Be sure to check out Instant Expert: Secrets & Features of iOS 6.0 for more on what’s new in iOS 6.
With the release of iOS 6 scheduled for next week, it’s a good idea to make sure you have a current backup of your device before taking the update plunge. While most iOS updates install without any problems, preserving your existing data, making a backup is always a sensible precaution. iOS 5 devices can be configured to use either iTunes or iCloud for automatic backups, but not both. However, if you’re normally backing up to iCloud, you can still easily make a manual backup in iTunes any time you like; simply right-click on your iPhone, iPad or iPod touch in the iTunes Devices list and select “Back Up” and iTunes will immediately make an on-demand backup of your device, even if you’re normally backing up to iCloud. Automatic backups to iCloud occur once every 24 hours provided your device is plugged in and on a Wi-Fi network, however you can also check the last backup time for your iCloud Backup and force a manual backup to iCloud as well by going into the Settings app on your device and choosing iCloud, Storage & Backup and scrolling down to the bottom.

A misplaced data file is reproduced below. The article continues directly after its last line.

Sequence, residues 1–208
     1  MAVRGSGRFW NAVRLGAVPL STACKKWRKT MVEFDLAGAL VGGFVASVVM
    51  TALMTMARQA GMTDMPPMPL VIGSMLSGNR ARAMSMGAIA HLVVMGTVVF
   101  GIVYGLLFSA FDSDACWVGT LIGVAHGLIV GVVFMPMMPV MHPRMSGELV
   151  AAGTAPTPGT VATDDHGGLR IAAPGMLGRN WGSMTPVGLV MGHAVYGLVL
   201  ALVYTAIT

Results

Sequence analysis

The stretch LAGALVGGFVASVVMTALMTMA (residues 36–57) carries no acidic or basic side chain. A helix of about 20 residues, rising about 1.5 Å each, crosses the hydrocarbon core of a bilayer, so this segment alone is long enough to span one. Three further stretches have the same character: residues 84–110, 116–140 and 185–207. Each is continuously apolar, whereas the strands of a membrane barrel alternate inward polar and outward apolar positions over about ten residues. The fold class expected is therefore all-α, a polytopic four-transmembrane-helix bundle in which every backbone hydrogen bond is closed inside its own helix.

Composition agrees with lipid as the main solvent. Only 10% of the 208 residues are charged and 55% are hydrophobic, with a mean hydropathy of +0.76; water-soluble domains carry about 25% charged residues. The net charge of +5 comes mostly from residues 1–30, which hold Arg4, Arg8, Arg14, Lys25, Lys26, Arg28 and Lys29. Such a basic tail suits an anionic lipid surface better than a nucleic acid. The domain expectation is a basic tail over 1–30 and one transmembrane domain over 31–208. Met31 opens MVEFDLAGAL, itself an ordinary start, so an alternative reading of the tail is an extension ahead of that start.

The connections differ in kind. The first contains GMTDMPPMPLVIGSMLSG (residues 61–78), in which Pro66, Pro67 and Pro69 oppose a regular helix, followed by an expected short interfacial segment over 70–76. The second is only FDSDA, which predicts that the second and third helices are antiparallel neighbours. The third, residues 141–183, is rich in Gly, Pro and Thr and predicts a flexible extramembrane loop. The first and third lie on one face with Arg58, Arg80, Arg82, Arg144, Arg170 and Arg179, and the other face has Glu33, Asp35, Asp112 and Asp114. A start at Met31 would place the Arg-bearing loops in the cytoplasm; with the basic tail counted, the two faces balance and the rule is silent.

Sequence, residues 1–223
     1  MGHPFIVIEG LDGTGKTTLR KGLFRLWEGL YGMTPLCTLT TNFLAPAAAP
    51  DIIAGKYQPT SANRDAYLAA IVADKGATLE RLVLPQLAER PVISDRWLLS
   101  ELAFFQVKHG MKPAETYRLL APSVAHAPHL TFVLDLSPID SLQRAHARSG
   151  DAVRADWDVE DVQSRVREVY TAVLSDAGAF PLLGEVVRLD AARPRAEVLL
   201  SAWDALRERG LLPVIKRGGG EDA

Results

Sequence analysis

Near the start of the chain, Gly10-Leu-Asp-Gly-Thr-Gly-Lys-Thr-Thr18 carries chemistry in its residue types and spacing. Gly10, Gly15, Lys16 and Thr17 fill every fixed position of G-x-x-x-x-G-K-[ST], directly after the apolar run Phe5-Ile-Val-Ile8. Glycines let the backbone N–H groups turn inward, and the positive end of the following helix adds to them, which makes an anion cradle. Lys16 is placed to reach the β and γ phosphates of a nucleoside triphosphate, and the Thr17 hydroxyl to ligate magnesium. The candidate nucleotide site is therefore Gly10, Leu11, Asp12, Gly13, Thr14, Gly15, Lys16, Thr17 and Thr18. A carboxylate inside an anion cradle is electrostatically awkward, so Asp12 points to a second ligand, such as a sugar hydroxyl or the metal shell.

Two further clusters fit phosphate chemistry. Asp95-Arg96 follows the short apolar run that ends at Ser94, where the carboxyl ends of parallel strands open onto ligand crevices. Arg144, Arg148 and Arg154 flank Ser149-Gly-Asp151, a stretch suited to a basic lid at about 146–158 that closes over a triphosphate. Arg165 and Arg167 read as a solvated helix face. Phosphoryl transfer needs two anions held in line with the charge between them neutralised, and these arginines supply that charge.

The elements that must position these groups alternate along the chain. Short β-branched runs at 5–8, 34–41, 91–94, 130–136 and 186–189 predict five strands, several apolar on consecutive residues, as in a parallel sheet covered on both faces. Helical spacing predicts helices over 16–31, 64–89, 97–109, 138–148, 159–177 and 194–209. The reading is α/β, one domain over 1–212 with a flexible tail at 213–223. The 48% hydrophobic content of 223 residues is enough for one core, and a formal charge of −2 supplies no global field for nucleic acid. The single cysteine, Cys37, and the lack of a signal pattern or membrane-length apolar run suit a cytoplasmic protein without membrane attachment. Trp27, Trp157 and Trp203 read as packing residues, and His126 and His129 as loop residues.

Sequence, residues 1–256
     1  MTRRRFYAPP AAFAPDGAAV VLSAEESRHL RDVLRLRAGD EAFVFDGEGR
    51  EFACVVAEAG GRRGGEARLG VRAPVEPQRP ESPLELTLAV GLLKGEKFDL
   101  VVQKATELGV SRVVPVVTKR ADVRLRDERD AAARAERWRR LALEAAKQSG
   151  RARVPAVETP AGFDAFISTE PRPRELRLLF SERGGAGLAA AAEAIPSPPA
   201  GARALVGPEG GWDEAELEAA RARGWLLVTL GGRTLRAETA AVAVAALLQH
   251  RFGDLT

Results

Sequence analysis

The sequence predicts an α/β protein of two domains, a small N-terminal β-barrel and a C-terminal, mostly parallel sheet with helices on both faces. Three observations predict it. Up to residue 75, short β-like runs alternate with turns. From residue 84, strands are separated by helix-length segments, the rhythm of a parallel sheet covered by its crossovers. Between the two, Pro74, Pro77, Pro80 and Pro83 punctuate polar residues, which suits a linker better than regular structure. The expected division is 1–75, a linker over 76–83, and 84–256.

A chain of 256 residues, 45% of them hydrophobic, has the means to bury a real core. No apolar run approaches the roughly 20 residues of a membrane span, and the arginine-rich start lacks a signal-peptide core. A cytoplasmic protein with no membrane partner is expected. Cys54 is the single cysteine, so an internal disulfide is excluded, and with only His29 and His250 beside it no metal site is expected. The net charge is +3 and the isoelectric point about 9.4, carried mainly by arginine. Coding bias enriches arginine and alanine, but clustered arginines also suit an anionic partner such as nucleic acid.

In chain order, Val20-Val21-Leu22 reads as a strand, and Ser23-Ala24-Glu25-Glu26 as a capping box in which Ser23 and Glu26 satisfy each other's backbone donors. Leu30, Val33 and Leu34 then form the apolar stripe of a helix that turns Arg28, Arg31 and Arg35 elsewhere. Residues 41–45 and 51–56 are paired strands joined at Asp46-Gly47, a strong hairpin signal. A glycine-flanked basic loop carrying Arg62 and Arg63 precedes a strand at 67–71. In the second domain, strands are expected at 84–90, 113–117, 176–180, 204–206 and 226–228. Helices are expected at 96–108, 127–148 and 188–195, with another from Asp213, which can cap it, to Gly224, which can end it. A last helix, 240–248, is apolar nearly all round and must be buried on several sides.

By default, the iOS Calendars app only synchronizes and retains the last months’ worth of events on your device, regardless of how much data is stored in whatever cloud or desktop calendar application you’re synchronizing with. This can easily be changed with a quick trip to the Settings app, however; under the Mail, Contacts, Calendars section there is an option near the bottom to set how much of your calendar data you want synchronized and retained on your device, with options for two weeks, 1 month, 3 months, 6 months or everything regardless of how old.
The Reminders app in iOS 5 can be very handy for creating quick and simple task lists or reminders without having to resort to third-party apps, and with Mountain Lion these Reminders can be easily synced via iCloud and managed on your Mac as well. Unfortunately, its flexibility for repeating reminders is somewhat limited, at least on the surface. Users are given a choice of only five repeat intervals: Every Day, Every Week, Every 2 Weeks, Every Month or Every Year, and the Reminders app in OS X Mountain Lion isn’t any better in this regard. Fortunately, for iPhone 4S users looking for a bit more flexibility, Siri comes to the rescue by allowing custom intervals to be created using your voice; simply tell Siri something like “Remind me to take the garbage out every three days” and it will happily offer to create a Reminder with the specified repeat interval. The resulting task can even be edited in the Reminders app to adjust things like dates and times—as long as you don’t change the custom repeat setting, Reminders will leave it in place and continue to repeat your completed task at the specified interval.
For more information and some other options for setting custom repeat intervals, be sure to check out our Ask iLounge article on Setting Custom Repeat Intervals in the Reminders app.